As we slowly begin to fade into our seats as Act One drones on, we all kept telling ourselves, this is all information that we need to make Act Two and Three sing, so we refocus, pinch ourselves, and wait. Finally, in walks Hildy Johnson, the ace reporter from the Herald-Examiner who has just quit the profession to go off to NYC and ‘marry the girl’, and work in advertising (coincidentally he is played by Slattery of Mad Men fame). Things are slowly starting to get interesting with his entrance, and we also have the same response with the arrival of Mollie Malloy, played with a lot of heart and anger by the wonderful Scott. Her first scene feels awkward, like she’s trying for something different, but at least there’s a spark of specialness somewhere in there. I only wish she had more to do or at least more fun to have ( I do miss the feisty sexy Sherie from Everyday Rapture, Whorl Inside a Loop, Women on the Verge of a Nervous Breakdown and hope to see her return to the stage soon in something a bit more fun). Same can be said for the other two females in the cast, Halley Feiffer (The House of Blue Leaves, Outer Critics Circle Award playwriting nomination for I’m Gonna Pray for You So Hard) as Hildy’s girl, Peggy Grant and Taylor (ANN), her talent completely wasted here, as Peggy’s mother. All political correctness aside (and boy, is that pushed aside) these girls and dames do get the short end of the stick here, in their lines and in their direction. Only Scott manages to give us something closer to a fully realized character, surprisingly dark, but at least three dimensional. (Side note: the movie adaptation from 1940, My Girl Friday starred Rosalind Russell in the Hildy role, and Cary Grant as her newspaper boss and former husband, trying to win Hildy back both professionally and personally. Sounds like a good problem solver for this misogynistic comedy.)
[Speaking of politically incorrect, the words, insults, and labels tossed around in this play are sexist and racist; absolutely startling at times, and unnerving. This play takes place in a time of change in America, struggling with race issues and women’s rights. In some ways the play and this revival stay true to that moment in history, but even knowing that, it still makes certain phrases uncomfortable to hear being tossed around. That certain dangerous candidate would feel quite at home in this room of men, even though this isn’t as deplorable as his ‘locker room’. He might be as unwelcome back then as he is now.]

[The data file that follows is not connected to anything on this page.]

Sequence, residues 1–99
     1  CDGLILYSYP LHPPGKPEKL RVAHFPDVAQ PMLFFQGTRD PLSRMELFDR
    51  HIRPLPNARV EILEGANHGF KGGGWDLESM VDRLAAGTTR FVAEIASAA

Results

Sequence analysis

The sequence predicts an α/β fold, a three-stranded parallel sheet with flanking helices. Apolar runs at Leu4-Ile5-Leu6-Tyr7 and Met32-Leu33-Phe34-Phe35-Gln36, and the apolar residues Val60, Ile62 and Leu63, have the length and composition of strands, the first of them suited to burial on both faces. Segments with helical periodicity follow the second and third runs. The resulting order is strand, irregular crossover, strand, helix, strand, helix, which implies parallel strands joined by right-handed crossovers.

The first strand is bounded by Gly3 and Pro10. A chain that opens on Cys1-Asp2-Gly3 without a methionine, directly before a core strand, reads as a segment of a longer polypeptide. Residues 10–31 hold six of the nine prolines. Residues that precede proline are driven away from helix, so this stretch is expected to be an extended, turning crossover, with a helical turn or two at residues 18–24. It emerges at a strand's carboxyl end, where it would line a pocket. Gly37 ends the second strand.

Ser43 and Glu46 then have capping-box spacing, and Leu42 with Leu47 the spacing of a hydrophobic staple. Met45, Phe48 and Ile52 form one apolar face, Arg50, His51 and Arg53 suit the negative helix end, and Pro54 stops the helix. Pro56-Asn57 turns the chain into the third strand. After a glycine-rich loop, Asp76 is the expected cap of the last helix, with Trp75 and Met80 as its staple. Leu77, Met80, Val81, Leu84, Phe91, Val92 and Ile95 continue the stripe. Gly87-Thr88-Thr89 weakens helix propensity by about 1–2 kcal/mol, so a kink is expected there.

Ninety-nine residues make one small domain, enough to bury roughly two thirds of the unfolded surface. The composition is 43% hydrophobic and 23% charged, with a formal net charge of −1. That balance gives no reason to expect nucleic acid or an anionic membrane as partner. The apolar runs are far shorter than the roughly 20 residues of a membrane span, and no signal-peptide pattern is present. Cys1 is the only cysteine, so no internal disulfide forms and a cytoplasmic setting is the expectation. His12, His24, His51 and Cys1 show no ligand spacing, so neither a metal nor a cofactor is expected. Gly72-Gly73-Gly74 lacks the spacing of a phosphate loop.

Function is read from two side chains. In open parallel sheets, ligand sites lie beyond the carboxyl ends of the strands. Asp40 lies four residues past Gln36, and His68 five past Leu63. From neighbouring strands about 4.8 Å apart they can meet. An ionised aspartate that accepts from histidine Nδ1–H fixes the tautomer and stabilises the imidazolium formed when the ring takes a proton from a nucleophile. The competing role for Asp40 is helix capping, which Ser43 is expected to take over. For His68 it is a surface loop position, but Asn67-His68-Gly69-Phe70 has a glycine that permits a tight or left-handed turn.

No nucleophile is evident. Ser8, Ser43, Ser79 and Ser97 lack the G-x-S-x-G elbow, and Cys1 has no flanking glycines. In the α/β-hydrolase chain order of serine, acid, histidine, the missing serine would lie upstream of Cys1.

We have to wait until the middle of Act two, before any fun arrives, and his name is Nathan Lane. He is totally in his element playing the Herald-Examiner newspaper boss, Walter Burns. Loud and ridiculously funny, he steals it away from everyone around. Slattery, a high point at the beginning begins to sound one note in comparison to Lane. After awhile, Slattery seemed just to be yelling his lines at whomever is around. And I don’t even want to begin to consider how Goodman, generally a powerful force on the stage (Waiting for Godot), became the weakest piece in this puzzle. He felt like the out of breath one of the group, wheezing out his lines, and trying to keep up with the rest. It’s sad to see these fine actors that I adore stuck working so hard with so little reward. It takes a certain stage craft to pull off the rapid fire dialogue in this dusty overly long play, and only a few have that ability. Lane gives us a master class in it, Scott assists, with Robert Morse (won his first Tony in the original production of How to Succeed in Business Without Really Trying) also rising to the occasion in his small but pivotal part (Mr. Pincus). More of this kind of stage expertise is needed to turn this fast paced talker from a sleeper into a solid comedic hit. Let’s just rename the show; It’s All About The Front Page Players.